Enda McGinley: Tyrone can halt Armagh advance
SARTUDAY could and should be a proud day for Ulster football. If the surface and weather behaves itself we should get the quality of football that unfortunately last weekend lacked.
Tyrone and Armagh get the warm-up shift to allow the Dubs to get into the ground.
I have a bee on my bonnet about these quarter-final double-headers.
As a standalone game the atmosphere would be electric, yet often in the first game in a double-header it just doesn’t feel like an All-Ireland quarter-final should.
Hopefully Tyrone and Armagh will buck this trend - it has all the ingredients to do just that.
Both sets of supporters appear to be really looking forward to the day as much for the excitement of renewing the rivalry and reliving the old ones if not maybe the prospects for either teams' potential progress towards an All-Ireland title.
Armagh and Tyrone are in different places in this regard.
Tyrone have eyes on the biggest guns and the biggest prize.
They see themselves as genuine contenders for the All-Ireland.
Armagh, on the other hand, have gone out of their way to confound the critics.
They were viewed as too strong for Division Three, yet even after shooting the lights out as the highest scoring team throughout the four divisions of the National League, they still managed to miss out on promotion.
Against Down in the first round, they again gave evidence of potential but without sealing the deal.
As a Tyrone man, I do not need advice on the wonders of what a back-door run can do to a team and best of all it is done far from the spotlight of the provincial glory trail.
One of Muhammad Ali’s many great lines was that "the fight is won, far away from witnesses, behind the lines, in the gym and out there on the road, long before I dance under those lights".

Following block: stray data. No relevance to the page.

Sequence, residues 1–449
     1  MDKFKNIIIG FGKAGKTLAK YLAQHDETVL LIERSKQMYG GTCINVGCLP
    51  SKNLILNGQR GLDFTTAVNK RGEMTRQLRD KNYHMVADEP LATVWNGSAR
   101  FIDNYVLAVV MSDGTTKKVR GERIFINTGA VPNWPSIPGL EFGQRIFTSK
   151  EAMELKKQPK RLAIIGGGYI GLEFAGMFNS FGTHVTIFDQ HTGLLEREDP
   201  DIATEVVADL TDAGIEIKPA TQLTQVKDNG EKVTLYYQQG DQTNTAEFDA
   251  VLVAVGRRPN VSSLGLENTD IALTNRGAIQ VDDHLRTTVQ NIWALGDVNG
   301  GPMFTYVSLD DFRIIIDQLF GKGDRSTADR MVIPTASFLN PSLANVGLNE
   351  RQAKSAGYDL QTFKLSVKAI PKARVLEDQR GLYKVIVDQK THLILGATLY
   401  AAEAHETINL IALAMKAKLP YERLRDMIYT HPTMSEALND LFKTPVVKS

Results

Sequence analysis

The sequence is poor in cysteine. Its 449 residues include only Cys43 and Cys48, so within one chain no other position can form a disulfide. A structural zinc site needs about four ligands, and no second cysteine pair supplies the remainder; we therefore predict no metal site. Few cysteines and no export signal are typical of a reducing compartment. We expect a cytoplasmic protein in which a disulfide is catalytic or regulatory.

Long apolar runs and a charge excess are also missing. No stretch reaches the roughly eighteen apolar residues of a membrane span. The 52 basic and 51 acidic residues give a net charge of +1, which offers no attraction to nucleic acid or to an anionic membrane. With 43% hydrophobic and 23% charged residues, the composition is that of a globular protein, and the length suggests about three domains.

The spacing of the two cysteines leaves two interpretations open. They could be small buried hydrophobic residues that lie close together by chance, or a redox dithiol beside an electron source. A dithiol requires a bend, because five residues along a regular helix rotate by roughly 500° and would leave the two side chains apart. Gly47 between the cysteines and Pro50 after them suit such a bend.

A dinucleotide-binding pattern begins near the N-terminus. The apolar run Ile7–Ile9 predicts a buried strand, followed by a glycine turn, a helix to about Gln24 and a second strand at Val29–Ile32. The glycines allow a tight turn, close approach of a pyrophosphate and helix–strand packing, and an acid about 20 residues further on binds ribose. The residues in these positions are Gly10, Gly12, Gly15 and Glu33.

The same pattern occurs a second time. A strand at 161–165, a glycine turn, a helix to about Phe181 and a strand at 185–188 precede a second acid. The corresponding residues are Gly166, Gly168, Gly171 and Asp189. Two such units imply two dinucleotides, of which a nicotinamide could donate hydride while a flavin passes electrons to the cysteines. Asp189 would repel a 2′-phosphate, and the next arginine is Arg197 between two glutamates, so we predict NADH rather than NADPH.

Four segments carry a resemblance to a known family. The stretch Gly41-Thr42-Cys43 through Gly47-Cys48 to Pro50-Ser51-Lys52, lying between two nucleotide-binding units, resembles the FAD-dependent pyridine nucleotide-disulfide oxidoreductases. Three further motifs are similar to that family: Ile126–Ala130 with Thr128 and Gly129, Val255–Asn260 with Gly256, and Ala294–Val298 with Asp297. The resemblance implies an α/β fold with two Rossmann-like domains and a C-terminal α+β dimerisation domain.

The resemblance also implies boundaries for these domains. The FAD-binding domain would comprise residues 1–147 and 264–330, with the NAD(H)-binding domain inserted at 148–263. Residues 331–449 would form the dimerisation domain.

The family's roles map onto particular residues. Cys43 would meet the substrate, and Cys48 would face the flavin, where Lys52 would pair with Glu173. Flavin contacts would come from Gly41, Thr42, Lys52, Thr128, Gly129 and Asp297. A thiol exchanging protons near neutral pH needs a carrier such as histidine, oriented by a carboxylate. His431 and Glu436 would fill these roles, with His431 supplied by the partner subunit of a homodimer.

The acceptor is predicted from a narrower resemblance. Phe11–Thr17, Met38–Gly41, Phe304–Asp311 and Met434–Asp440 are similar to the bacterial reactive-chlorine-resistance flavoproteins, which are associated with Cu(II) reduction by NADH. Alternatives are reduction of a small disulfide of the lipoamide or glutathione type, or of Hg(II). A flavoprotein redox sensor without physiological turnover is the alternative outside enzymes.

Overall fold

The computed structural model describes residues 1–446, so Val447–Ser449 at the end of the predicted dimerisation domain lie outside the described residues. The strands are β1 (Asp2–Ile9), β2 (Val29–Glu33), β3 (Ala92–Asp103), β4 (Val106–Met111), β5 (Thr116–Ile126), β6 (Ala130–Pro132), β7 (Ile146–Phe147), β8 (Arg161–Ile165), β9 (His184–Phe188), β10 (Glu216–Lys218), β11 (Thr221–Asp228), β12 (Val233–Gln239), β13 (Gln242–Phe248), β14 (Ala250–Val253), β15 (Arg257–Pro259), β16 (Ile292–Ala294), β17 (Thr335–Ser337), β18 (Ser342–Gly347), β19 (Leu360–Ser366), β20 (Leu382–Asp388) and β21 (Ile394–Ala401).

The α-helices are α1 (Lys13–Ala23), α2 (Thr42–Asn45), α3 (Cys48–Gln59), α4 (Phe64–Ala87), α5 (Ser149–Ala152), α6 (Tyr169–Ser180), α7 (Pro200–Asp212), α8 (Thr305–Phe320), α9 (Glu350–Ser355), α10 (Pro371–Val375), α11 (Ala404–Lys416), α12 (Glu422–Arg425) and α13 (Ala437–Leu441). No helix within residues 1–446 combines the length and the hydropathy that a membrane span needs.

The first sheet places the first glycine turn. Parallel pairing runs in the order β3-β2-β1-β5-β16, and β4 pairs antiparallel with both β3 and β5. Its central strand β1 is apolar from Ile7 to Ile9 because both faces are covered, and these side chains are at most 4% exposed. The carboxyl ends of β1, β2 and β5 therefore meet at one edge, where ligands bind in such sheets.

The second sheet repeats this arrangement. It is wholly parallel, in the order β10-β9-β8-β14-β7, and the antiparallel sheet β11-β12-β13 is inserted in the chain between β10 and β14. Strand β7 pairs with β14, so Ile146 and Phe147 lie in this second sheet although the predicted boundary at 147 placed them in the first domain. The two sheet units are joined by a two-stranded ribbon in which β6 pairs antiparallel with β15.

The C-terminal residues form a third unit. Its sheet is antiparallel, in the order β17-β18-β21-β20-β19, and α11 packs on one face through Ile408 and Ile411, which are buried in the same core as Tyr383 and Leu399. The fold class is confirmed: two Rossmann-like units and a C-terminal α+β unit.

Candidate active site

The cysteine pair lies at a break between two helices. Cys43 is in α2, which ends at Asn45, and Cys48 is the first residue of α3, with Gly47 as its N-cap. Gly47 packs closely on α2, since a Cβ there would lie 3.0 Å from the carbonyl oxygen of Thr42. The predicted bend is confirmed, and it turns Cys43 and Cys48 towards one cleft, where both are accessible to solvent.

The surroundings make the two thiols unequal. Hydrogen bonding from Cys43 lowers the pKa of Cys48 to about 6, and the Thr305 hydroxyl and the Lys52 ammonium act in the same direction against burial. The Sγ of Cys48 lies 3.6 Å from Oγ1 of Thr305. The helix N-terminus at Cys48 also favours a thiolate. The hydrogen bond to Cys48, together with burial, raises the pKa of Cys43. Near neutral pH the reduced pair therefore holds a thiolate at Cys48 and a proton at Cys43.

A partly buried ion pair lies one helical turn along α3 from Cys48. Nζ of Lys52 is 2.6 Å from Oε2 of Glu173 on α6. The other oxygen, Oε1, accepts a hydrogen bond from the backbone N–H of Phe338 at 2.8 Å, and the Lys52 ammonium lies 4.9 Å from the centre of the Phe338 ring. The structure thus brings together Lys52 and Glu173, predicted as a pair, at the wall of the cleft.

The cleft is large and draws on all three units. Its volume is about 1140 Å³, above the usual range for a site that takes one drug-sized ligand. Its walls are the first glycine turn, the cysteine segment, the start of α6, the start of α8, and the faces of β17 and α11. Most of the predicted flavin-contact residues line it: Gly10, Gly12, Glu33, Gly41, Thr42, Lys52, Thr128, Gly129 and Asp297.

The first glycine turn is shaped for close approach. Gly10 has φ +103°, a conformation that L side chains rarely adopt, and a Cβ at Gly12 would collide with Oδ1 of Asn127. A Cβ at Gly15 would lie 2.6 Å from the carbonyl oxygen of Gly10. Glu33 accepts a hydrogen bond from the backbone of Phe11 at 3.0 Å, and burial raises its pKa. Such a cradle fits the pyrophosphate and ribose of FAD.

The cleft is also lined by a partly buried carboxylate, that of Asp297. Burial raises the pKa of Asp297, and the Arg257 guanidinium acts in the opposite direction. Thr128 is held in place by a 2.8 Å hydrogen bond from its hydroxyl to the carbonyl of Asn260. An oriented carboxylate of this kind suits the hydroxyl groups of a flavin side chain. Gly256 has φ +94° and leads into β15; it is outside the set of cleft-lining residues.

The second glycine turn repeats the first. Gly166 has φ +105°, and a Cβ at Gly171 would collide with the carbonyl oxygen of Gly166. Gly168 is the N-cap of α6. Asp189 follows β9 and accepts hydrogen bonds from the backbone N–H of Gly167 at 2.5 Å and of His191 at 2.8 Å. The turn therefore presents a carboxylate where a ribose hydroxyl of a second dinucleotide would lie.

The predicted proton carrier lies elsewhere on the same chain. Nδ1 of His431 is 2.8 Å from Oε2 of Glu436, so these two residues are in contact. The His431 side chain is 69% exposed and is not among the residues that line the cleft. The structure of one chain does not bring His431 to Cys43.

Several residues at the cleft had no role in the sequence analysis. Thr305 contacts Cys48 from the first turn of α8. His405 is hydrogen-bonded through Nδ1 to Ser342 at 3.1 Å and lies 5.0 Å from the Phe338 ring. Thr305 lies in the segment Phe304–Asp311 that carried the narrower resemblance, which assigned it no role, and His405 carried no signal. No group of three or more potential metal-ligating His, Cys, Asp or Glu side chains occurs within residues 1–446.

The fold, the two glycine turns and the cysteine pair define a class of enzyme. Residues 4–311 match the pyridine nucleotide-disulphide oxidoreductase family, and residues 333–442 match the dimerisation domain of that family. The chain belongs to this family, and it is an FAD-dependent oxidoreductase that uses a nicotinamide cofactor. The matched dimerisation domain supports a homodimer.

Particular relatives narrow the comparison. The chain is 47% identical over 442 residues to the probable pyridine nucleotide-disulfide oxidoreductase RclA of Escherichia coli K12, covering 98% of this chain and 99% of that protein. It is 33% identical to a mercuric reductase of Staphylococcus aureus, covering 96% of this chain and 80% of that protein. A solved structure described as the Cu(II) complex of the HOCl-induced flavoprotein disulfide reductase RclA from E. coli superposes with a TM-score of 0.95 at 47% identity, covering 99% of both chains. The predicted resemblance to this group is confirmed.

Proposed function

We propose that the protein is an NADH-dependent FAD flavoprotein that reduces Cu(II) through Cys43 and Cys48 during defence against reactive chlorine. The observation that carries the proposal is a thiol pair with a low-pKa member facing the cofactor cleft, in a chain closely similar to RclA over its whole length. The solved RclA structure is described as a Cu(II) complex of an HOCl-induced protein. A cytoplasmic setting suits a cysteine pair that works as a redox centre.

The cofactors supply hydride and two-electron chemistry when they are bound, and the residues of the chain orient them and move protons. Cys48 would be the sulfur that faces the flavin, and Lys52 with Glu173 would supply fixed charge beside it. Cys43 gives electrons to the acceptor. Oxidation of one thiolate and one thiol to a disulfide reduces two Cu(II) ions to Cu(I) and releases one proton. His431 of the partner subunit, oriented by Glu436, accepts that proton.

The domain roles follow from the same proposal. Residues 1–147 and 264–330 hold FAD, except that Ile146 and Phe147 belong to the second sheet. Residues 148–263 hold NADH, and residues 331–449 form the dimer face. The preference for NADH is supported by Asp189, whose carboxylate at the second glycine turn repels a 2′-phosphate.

Last Saturday, Armagh emerged from their run through the back door appearing a very different team.
Most notable was the complete absence of the team that continually failed to close out games in the League and indeed against Down.
One of the biggest parts of Tyrone’s preparation for the battles with Armagh in the 'Noughties' was preparing for the ability of Armagh to grind teams down, then push for home in the final 10 minutes.
We had meetings where we spoke a lot about those final 10 minutes.
This was where they were strongest so our job was to beat them in that period.
Against Kildare and Tipperary that old Armagh trait has resurfaced. With Messers McGeeney, McKeever, Toal and McGrane on the sideline, one should have no doubt that Armagh will be looking to keep with Tyrone until this final 10 minutes - then see who blinks first.
Armagh had many bright lights and the brightest of those was again the mercurial Jamie Clarke.
On the day, however, there were stars all over the pitch.
Blaine Hughes's kick-outs were right on point.
James Morgan was at his tight rope walking-rule bending best.
Brendan Donaghy gave one of the best defensive displays of the summer across any team.